Green Party Progression: An insider’s view


With the unprecedented occurrences in global politics, the Green Party has been quietly undergoing its own transformation; electing Co-Leaders to the helm and pressing hard for a progressive alliance. But what of its future preservation and progression?

This is something that every party needs to ask itself from time to time, in particular we need to find what we can do uniquely compared to our rivals.

Presently the Green Party stands in a healthy position with over 55,000 members. These members vote for our policies at our spring and autumn conferences and this process forms a set of guidelines for our elected representatives, in particular our one and only MP.

This does help smooth out plenty of arguments and debates held within the party, but produce a problem that is often very common in political parties, and that is that we often end up in our own political bubble.

In our latest conference I noticed that there was a lot of debate surrounding the evidence to support our policies, but no particular focus on how we would actually win votes with the motions being passed.

For example, a recent motion meant changing our constitution to recognise that transgender and non-binary genders exist. This thus changing the wording on all of our policies from “he/she” to “they” and “men/women” to “men/non-men”.

This is a good motion to help include people with those gender identities. But when expressed to those outside the party (i.e. the electorate whose votes we are trying to win) we often hear that this sort of thing “is a nothing issue”.

It would do us no harm to certainly consider voters from outside the party and actually passing evidence based policies that are going to win us votes. Extending the field of view of a political party can be difficult, so we need to consider our options here.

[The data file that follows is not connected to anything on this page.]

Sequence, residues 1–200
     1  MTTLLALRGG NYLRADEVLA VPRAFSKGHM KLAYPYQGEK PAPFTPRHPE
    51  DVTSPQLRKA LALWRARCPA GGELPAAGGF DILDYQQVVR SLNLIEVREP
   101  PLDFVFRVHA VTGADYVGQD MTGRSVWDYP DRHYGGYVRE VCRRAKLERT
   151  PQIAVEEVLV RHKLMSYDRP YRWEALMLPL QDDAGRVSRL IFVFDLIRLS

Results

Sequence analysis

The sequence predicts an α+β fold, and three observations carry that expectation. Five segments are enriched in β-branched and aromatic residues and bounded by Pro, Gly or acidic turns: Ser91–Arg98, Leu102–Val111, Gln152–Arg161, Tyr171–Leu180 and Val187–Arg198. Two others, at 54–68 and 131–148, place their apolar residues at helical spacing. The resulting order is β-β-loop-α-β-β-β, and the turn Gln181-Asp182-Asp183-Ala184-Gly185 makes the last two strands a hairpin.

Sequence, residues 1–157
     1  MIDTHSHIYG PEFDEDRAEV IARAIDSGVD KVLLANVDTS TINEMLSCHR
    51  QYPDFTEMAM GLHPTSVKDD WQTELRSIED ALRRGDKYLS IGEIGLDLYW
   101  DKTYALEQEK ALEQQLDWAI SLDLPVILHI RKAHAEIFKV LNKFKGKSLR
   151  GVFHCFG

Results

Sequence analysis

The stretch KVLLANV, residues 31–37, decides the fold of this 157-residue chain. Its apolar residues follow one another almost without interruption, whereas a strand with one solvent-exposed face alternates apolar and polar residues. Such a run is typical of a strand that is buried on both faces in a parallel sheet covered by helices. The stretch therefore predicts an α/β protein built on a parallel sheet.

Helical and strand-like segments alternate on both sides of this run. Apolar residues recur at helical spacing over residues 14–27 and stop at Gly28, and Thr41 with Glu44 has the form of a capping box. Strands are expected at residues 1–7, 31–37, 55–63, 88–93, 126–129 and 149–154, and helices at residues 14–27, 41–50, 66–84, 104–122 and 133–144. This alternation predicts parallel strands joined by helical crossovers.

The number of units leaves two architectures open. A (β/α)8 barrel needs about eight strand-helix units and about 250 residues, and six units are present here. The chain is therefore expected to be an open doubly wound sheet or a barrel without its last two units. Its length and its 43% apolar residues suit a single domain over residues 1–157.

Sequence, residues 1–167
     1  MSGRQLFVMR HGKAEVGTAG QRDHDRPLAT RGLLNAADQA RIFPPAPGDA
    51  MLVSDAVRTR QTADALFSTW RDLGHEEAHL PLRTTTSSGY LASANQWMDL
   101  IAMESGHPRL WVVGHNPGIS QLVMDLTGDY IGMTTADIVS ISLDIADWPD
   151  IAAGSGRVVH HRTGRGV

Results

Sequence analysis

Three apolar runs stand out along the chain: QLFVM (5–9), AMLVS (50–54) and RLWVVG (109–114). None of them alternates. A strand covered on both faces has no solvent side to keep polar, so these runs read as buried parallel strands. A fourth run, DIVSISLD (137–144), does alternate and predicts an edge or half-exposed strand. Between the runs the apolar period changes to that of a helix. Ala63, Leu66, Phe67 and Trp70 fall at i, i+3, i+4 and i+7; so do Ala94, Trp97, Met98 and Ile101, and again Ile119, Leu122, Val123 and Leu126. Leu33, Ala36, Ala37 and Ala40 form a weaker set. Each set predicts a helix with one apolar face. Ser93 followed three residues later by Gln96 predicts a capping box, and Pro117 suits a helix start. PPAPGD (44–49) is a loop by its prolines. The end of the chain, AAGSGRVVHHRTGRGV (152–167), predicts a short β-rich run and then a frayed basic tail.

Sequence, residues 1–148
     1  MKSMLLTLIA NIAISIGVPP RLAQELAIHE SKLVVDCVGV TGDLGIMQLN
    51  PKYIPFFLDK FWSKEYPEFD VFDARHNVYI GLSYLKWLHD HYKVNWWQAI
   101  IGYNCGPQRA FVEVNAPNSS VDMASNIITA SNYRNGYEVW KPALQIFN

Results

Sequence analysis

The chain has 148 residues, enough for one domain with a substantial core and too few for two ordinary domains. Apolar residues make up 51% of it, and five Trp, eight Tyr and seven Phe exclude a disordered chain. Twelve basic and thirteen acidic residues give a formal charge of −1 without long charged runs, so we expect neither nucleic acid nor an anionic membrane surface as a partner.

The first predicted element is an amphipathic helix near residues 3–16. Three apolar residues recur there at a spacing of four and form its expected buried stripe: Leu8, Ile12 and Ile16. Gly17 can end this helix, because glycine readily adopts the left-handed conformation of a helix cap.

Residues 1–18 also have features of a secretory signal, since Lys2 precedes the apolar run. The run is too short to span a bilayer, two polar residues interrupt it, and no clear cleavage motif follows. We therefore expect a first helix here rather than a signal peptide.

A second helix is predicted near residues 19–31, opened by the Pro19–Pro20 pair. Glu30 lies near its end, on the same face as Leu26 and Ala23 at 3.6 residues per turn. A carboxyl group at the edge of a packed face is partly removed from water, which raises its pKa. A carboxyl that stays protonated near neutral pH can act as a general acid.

During the general election of 2015 we opened up a number of debates and topics, which led to us to increase our vote fourfold across the country. This did, however, lead us away from our founding principles and core brand of actually being “green”.

There has been very little media focus on the environment compared to the economy or immigration which has probably influenced our key talking points. There is certainly room here for us to step up the environmental debate and bring it into the limelight.

“Most people will tend to know our policies on the environment so try to talk about something different that they don’t know” was one approach said to me by one of our co-ordinators at the time.

“Nobody cares about the environment” was a phase we heard quite often during the 2015 election campaign and even during the EU referendum.

It became rather embarrassing, in local hustings in particular, that opposition parties had better answers on actual “green” policies than we did. It just wasn’t a topic that was up for discussion behind the scenes for us. However, this should not produce an excuse to give up on the cause. This might be one of those “nothing issues” that we can conspire on.